Editor's Note: This story was originally posted on Dec. 6, 2019, by the School of Civil and Environmental Engineering. It has been slightly revised for the College of Sciences website.
An interdisciplinary research group from Georgia Tech has received a grant from the National Science Foundation to design an advanced self-propelled robot to explore the soil subsurface and record a range of signals as it advances.
The project is led by principal investigator Chloé Arson, an associate professor in the School of Civil and Environmental Engineering. The research team includes faculty from across the Institute, including:
- Civil and Environmental Engineering Professor David Frost
- Associate Professor Polo Chau from the School of Computational Science and Engineering
- Professor Daniel Goldman from the School of Physics
- Assistant Professor Frank Hammond from the George W. Woodruff School of Mechanical Engineering
The Georgia Tech researchers will collaborate with four professors at Imperial College London for the three-year project. The grant, which is co-funded by the NSF and UK Research and Innovation, has a total budget of $1,765,477, including $800,000 for Georgia Tech. The joint project formally begins on Jan. 1, 2020 at both Georgia Tech and Imperial College London.
The project aims to develop a multi-functional modular sensing system known as the Burrowing Robot with Integrated Sensing System (BRISS).
Most current geotechnical probes enter the soil vertically and record signals from one of several sensors that typically measure resistance force, fluid pressure or shear wave velocity. The result is a set of measurements that provide information from just the localized region around the probe.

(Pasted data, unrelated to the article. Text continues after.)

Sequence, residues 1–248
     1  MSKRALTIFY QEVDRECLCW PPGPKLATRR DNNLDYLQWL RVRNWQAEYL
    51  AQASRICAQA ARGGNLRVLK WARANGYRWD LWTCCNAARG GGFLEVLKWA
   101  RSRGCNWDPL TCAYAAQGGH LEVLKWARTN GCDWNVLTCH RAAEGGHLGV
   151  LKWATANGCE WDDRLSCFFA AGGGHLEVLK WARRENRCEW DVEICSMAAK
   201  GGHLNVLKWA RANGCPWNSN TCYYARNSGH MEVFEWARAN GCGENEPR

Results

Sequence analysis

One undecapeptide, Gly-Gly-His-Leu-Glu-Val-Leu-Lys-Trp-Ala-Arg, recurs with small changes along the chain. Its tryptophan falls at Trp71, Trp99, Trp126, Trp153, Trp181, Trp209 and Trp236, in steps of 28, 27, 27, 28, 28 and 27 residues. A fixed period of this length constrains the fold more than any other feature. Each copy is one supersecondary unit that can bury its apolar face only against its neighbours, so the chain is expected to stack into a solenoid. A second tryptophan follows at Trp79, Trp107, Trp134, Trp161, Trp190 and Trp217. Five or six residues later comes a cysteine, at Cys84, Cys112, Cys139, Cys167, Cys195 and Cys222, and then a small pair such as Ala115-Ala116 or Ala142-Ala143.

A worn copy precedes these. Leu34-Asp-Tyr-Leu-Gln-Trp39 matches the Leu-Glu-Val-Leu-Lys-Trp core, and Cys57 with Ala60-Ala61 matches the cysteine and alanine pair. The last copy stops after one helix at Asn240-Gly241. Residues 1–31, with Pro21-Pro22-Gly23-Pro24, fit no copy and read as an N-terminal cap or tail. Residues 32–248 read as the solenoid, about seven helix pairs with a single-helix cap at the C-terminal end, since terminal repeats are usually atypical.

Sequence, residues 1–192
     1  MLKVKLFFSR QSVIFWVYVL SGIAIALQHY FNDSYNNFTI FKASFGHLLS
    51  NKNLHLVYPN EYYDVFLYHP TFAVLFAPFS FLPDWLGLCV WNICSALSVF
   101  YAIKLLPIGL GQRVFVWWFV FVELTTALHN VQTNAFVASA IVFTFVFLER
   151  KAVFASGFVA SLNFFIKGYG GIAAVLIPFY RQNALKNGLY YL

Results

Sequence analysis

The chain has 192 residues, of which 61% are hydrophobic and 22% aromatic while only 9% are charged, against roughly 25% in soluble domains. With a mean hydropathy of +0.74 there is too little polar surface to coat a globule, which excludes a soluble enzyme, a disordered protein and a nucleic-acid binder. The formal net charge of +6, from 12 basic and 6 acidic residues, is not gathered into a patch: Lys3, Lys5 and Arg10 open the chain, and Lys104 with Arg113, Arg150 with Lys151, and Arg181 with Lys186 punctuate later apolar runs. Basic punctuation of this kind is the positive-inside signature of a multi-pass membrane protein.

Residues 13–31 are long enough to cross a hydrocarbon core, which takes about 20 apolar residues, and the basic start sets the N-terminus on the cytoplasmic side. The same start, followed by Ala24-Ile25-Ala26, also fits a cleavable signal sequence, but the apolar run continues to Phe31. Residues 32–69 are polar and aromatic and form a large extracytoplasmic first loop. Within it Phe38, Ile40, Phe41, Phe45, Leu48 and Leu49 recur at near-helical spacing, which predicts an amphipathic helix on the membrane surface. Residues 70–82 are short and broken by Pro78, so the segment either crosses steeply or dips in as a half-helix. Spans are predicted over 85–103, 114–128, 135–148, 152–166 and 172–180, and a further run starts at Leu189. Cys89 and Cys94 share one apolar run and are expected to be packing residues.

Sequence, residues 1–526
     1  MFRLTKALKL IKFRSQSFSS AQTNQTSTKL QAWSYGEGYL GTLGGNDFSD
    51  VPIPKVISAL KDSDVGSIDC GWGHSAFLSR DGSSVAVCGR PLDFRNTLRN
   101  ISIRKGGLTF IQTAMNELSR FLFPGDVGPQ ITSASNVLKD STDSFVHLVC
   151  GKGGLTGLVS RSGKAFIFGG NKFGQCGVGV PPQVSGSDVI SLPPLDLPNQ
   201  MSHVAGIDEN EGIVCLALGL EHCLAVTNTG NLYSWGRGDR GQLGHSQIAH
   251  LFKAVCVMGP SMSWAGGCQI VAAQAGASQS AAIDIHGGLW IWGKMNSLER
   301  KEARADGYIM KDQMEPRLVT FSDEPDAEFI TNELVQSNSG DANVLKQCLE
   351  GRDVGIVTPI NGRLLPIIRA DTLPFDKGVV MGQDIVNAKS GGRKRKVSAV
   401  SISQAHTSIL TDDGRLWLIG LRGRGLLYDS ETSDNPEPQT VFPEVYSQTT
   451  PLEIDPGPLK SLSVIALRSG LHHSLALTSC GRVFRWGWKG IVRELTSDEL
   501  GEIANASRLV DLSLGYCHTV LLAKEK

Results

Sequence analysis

In contrast, the proposed BRISS would incorporate a novel multi-sensor system and have the ability to advance in any direction vertically or horizontally, propel itself through the subsurface, and incorporate machine learning algorithms to instantaneously analyze data and implement investigation changes while soundings are in progress.
Researchers hope that the minimally-tethered robot will pave the way toward fully autonomous, wireless and multi-directional subsurface sensing technology that would ultimately revolutionize fields such as deep sediment characterization and extra-terrestrial exploration.
“This grant will support the development of a smart suite of tools to explore, characterize and model the subsurface with more accuracy and reliability than ever before,” Arson said. “We have the opportunity to push the boundaries of current knowledge in tribology, computational geomechanics, soft robotics, control systems, signal processing and machine learning to achieve our ambitious objectives. This collaboration between three colleges at Georgia Tech and three departments at Imperial College London provides a fantastic foundation to rethink subsurface characterization."